Guiding Rules for Identifying Solid Wastes (for Trial Implementation)
The present Guiding Rules shall be applicable for the identification of the solid wastes and non-solid wastes as defined in the Law of the People's Republic of China on the Prevention and Control of Environmental Pollution by Solid Wastes, but shall not be applicable for determining their HS codes. For the sake of discriminating solid wastes from non-solid wastes, a judgment shall be made based on the definition in the Law of the People's Republic of China on the Prevention and Control of Environmental Pollution by Solid Wastes at first; and the scope of solid wastes listed in the present Guiding Rules may be referred to in a second place. In case it is still hard to make a judgment after referring to the foregoing definition and the scope of solid wastes, a judgment may accord Part III of the present Guiding Rules.
In case of any dispute over the identification result on whether a certain substance, article or material belongs to solid wastes or non-solid wastes, the national environmental protection administrative department shall organize and convene an experts conference to identify it and make a judgment jointly with the relevant departments. If, at the import stage, any importer is dissatisfied with the customs' decision on including the imported goods into the management scope of solid wastes, it may apply for administrative reconsideration in accordance with the law or bring an administrative lawsuit to the people's court in accordance with Article 26 of the Law of the People's Republic of China on the Prevention and Control of Environmental Pollution by Solid Wastes.
I. Definition of Solid Wastes
The term "solid wastes" shall refer to the articles and substances in solid, semi-solid state or gas in containers that are produced in the production, living and other activities and have lost their original use values or are discarded or abandoned, as well as the articles and substances that are included into the management scope of solid wastes as required by any law or administrative regulation.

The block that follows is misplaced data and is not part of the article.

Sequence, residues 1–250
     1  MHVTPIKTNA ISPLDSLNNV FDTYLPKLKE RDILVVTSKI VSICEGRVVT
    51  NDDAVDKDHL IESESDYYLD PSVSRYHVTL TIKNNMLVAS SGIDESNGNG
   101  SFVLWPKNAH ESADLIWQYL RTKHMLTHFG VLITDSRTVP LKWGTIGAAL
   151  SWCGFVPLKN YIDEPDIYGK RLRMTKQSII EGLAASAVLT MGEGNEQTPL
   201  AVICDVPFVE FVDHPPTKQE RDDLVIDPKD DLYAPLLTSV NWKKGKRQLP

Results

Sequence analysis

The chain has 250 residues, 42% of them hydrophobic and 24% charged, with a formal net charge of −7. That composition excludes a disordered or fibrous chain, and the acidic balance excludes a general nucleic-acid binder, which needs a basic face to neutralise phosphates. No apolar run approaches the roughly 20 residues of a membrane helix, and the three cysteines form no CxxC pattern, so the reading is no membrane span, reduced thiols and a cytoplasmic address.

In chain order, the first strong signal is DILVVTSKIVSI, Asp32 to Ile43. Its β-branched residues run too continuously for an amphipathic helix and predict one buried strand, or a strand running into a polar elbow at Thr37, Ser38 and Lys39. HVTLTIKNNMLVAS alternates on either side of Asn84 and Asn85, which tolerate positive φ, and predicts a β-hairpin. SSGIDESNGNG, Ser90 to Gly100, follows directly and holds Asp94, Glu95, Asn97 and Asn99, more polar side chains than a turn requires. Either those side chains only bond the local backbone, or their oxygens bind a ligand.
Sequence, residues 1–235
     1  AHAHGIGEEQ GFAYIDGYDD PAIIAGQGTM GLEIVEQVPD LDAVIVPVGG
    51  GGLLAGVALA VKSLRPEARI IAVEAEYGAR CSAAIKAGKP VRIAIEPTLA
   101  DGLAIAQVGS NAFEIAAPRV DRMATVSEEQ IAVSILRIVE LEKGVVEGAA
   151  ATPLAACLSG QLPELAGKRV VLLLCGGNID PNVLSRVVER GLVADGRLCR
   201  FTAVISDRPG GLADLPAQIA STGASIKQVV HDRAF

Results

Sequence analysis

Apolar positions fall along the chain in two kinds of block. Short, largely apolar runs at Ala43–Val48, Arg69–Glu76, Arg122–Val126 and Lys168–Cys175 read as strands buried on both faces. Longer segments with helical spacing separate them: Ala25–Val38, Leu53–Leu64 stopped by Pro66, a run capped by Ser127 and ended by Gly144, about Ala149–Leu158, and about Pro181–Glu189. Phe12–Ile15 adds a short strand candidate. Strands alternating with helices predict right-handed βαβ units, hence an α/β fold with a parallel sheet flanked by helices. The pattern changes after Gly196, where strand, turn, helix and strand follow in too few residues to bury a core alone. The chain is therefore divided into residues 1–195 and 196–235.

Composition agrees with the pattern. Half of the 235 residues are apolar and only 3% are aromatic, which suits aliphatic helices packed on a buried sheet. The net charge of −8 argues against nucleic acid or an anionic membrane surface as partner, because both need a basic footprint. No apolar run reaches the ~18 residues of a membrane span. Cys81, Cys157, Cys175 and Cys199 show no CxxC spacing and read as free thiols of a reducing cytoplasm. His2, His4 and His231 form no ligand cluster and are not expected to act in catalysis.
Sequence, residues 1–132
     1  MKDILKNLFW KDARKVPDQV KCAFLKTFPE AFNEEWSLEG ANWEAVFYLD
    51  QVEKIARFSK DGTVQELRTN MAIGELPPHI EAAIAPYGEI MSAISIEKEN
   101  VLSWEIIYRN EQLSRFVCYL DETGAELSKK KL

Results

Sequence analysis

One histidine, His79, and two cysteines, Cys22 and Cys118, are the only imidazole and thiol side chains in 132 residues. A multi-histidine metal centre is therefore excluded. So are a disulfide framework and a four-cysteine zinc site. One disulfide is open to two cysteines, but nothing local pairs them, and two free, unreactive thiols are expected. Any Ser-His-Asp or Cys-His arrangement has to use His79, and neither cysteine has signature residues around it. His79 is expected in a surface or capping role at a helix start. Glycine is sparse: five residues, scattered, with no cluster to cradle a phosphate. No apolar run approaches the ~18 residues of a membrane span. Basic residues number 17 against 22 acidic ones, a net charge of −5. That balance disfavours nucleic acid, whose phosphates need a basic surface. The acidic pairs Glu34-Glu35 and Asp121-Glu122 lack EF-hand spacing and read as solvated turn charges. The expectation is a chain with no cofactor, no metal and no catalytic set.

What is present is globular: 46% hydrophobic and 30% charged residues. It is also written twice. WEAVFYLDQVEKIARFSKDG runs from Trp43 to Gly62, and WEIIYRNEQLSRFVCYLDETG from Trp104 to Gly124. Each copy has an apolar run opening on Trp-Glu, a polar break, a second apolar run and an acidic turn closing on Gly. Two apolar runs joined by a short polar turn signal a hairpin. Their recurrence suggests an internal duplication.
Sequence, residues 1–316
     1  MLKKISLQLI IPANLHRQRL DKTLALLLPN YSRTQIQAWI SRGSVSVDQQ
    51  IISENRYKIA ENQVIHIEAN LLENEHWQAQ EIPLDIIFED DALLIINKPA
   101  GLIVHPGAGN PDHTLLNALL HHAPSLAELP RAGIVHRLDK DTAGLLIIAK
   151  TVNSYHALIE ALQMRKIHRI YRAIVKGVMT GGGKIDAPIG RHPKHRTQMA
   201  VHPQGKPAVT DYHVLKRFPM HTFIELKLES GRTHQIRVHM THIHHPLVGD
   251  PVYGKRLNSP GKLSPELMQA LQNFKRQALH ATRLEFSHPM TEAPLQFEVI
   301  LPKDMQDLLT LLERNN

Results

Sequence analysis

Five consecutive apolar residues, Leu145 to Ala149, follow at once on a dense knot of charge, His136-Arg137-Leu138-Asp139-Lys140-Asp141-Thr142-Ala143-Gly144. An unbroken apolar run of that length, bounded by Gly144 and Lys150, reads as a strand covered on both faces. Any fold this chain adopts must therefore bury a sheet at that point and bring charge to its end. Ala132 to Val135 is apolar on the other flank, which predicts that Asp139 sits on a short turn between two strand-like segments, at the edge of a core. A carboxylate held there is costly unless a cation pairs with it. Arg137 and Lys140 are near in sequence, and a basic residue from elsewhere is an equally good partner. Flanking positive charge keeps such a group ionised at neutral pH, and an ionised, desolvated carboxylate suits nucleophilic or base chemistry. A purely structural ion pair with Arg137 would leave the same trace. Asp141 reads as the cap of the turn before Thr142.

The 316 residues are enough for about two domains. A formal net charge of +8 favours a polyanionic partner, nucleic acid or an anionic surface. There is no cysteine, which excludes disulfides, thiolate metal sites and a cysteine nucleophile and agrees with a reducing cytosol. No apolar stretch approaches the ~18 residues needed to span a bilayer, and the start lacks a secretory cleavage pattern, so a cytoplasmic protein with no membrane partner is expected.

II. Scope of Solid Wastes
The substances or articles listed in II (I) but not included in II (II) are solid wastes. Any substance or article included in II (II) is not a solid waste.
(I)Solid wastes shall include (but not be limited to) the following substances, articles or materials:
(1)Garbage gathered from household;
(2)Abandoned substances and discarded products from production;
(3)Abandoned substances from laboratories;
(4)Abandoned substances from office work;
(5)Sludge from urban sewage treatment plants, residues from domestic garbage plants;
(6)Other garbage, residues and sludge from pollution control facilities;
(7)Sludge from dredging of urban riverways;
(8)Products failing to conform to the standards or norms, excluding those used continuously for the original purpose;
(9)Shoddy and inferior products;
(10)Substances or articles declared by the owner or its representative as wastes;
(11)Polluted materials (such as oil polluted by polychlorinated biphenyls [PCBs]);
(12)Any material, substance or article prohibited by law from use; and
(13)Substances or articles declared by the environmental protection administrative department of the State Council as solid wastes.
(II)Solid wastes shall not include the following substances or articles:
(2)Substances or articles directly returning to the original production process or the occurrence process on site without being stored;